In one of her first acts as Chairwoman of the House Communications Subcommittee, Rep. Marsha Blackburn (R-TN) introduced legislation Tuesday that would force the FCC to revoke rules that require board members of noncommercial broadcast stations to submit their ownership information to the agency.  

Blackburn introduced the measure (which, at this writing, bears no name or bill number) on the heels of the FCC’s decision earlier this month to deny reconsideration of noncommercial broadcast ownership disclosure rules that form part of a larger FCC rulemaking adopted in January 2016 in an effort to improve ownership data collected from broadcasters.  While many rules adopted in that order were endorsed by all five FCC commissioners at that time, both FCC Republicans—Commissioners Ajit Pai and Michael O’Rielly—took issue with rules requiring noncommercial broadcast ownership disclosure.  Although the FCC’s majority reasoned that the new disclosure requirement would assist the agency in its analysis of minority ownership and media diversity, Pai declared in a dissenting statement that he could not support “the imposition of a requirement that the officers and directors of noncommercial educational broadcasters provide us with personal information, including the last four digits of an SSN, to obtain unique identifiers.”  Reminding his colleagues that the FCC’s multiple ownership rules “do not apply to NCE stations,” Pai said, “I fail to see how this will lead to any tangible benefit.”  Similarly, O’Rielly voiced reservations “about the value of imposing the reporting requirements for commercial entities onto NCE broadcast stations.”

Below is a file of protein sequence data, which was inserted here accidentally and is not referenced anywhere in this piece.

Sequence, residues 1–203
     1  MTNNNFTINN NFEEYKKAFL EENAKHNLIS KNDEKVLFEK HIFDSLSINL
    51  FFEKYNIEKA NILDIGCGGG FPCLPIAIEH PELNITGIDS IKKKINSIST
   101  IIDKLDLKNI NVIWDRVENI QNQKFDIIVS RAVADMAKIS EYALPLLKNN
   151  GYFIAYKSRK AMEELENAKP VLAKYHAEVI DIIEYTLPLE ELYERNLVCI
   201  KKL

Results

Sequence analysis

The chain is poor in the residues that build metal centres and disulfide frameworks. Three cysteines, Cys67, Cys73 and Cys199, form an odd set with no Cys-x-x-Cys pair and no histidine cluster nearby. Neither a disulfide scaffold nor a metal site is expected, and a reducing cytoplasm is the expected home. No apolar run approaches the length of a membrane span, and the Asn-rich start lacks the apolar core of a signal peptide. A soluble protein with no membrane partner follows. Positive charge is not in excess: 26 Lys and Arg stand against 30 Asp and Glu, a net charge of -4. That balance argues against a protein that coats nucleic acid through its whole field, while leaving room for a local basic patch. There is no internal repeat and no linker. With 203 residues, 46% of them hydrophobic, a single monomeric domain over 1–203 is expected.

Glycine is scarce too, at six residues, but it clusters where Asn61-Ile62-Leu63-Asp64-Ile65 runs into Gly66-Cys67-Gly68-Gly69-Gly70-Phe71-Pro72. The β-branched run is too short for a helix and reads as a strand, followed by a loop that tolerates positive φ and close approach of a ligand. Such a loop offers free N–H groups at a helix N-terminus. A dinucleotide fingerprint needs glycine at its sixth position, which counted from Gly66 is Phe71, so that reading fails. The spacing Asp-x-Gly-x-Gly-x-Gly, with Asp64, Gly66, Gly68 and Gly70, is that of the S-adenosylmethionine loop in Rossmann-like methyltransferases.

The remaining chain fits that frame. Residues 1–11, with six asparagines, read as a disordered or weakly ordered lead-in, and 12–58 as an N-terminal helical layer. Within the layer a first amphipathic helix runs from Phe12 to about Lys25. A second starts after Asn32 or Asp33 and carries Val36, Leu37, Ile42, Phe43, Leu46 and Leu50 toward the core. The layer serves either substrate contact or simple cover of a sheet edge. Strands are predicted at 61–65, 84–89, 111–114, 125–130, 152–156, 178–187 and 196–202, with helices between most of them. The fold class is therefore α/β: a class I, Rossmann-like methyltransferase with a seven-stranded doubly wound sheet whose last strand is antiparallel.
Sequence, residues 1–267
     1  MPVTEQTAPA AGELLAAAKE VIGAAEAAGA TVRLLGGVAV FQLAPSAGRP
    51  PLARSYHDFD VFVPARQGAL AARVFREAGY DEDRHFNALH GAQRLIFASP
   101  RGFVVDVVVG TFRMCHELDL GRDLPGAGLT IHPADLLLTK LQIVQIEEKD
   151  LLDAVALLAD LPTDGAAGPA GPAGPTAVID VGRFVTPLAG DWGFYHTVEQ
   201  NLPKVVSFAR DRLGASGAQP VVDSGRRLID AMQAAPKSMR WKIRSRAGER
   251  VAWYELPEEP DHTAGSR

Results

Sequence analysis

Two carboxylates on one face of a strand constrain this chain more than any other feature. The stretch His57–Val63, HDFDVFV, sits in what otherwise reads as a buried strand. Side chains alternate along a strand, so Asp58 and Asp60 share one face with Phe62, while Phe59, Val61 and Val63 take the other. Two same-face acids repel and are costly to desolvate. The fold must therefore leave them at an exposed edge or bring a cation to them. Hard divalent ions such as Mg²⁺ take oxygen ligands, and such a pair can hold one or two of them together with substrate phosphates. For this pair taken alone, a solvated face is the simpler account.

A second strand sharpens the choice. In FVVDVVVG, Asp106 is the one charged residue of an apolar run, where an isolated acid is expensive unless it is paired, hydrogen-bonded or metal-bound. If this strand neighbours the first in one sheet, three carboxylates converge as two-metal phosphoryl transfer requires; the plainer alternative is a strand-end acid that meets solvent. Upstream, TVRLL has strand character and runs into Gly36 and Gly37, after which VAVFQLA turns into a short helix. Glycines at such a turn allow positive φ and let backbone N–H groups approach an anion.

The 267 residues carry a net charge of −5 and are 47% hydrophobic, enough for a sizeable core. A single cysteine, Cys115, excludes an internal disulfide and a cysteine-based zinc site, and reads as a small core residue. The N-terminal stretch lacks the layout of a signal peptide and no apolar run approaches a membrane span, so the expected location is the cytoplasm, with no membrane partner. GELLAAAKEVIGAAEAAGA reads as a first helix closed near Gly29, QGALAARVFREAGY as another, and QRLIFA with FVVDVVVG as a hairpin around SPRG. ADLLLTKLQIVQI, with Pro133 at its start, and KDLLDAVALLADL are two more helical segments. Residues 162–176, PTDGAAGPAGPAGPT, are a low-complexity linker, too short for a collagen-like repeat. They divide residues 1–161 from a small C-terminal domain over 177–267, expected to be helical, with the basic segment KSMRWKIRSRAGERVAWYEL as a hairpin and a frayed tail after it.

As she affirmed how “public broadcasters from across the country have expressed their reasonable privacy concerns,” Blackburn explained that the bill intends to “remove a useless barrier that would prevent qualified and dedicated people from serving as board members to these vital local broadcast stations.”  Voicing appreciation for the bill’s introduction, a spokesman for America’s Public Television Stations emphasized the strong support of his organization for “ensuring that diverse viewpoints and perspectives are available to the American people over the broadcast airwaves.”  Because the decision to deny reconsideration was undertaken not by the FCC’s commissioners but by the FCC’s Media Bureau on delegated authority, Pai encouraged noncommercial broadcasters to submit petitions for review after Republicans assume control of the FCC tomorrow, noting: “this is one of many . . . problems that I hope we can solve quickly this year, either through legislation or our own review.”